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New York State Subsidy Profile

Updated April 2013

State Subsidy Contact Person

Vacant
Office of Children & Family Services
NYS Adoption Services
Capital View Office Park
52 Washington St.
Rensselaer, NY 12144
518-474-9406
Web: www.ocfs.state.ny.us/adopt

State NACAC Representative (parent/volunteer)

Susie Collins
NYS Citizens' Coalition for Children, Inc.
Ithaca NY
607-272-0034
info@nysccc.org 
Web: www.nysccc.org

Jody Hansen-Walker
Adoption Professional and Parent
Cell: 716-207-8333
jodyhansenwalker@yahoo.com


What Is Adoption Subsidy?

Parents who are thinking about or are in the process of adopting a child with special needs from foster care should know about adoption assistance (also known as adoption subsidy). Federal (Title IV-E) and state (often called non-IV-E) adoption assistance programs are designed to help parents meet their adopted children’s varied, and often costly, needs. Children can qualify for federal adoption assistance or state assistance, depending on the child’s history. Adoption subsidy policies and practices are, for the most part, dependent on the state in which the child was in foster care before the adoption.

Below is information related to definitions of special needs, benefits available, and procedures in Alabama. Answers to select questions were made available by the Association of Administrators of the Interstate Compact on Adoption and Medical Assistance (AAICAMA) through the Child Welfare Information Gateway (www.childwelfare.gov). Profiles for other states’ subsidy programs are available. If you have additional questions, please contact NACAC at 651-644-3036, 800-470-6665, or adoption.assistance@nacac.org. If you have state-specific questions, please call your State Subsidy Contact Person or the NACAC Subsidy Representative (listed above) for more information.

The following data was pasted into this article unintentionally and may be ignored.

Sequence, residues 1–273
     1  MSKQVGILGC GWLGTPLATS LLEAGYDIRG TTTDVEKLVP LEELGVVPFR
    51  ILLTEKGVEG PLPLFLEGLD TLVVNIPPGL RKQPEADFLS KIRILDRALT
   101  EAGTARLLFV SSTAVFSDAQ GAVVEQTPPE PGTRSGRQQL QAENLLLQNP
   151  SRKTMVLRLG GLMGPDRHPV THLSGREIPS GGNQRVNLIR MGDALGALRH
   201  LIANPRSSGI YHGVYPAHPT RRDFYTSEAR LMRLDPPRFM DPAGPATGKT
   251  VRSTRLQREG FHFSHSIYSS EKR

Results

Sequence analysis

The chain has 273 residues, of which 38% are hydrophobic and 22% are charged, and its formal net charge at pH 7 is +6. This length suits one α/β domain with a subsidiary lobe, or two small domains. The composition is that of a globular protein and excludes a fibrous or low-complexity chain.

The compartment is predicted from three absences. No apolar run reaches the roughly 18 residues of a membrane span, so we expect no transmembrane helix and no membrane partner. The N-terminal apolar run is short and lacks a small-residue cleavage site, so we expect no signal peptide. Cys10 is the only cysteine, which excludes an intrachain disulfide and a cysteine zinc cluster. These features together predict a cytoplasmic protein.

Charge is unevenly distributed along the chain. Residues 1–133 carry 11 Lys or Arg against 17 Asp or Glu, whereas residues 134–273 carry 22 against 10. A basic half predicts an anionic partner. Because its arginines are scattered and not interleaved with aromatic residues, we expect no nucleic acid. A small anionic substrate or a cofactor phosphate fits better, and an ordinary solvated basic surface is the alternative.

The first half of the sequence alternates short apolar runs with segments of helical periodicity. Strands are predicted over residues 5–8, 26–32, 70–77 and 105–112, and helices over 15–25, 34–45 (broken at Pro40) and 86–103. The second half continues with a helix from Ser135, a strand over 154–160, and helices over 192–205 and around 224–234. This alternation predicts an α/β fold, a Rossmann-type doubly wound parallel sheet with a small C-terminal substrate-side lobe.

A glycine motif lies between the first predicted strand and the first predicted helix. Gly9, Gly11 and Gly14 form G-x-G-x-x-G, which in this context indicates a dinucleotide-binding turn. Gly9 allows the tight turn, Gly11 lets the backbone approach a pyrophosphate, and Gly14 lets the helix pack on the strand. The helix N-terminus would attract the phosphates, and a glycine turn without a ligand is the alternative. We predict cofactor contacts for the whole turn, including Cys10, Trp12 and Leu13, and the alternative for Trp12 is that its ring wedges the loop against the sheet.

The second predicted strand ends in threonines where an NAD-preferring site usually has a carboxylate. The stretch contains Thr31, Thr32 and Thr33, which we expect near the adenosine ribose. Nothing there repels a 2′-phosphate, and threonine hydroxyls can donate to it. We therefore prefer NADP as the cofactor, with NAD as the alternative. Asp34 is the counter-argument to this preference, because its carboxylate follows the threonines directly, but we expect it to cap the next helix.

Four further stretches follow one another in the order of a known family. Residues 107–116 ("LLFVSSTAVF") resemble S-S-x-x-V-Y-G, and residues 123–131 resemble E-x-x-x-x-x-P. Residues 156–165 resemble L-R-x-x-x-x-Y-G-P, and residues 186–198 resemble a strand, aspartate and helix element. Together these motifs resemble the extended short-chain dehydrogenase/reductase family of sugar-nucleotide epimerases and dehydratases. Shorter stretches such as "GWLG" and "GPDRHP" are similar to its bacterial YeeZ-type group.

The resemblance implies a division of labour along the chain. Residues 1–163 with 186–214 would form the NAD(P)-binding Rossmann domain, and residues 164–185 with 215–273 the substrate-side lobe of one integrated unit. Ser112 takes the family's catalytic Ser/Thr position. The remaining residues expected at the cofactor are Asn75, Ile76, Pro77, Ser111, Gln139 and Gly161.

For more information on Title IV-E eligibility, view our fact sheet Eligibility and Benefits for Federal Adoption Assistance.

New York adoption resources on the web:
http://www.ocfs.state.ny.us/adopt/
http://www.nysccc.org

New York’s state-specific medical assistance links:
http://www.health.ny.gov/health_care/medicaid/index.htm

New York’s adoption assistance links:
http://www.ocfs.state.ny.us/adopt/subsidy.asp

Adoption Services Guide for Caseworkers
http://ocfs.ny.gov/adopt/adopt_manual/Adoption%20Services%20Guide
%20October%202010%20FULL%20booklet.pdf

 

Who is Eligible for Adoption Assistance or Subsidy?

1. How does New York define special needs to determine eligibility?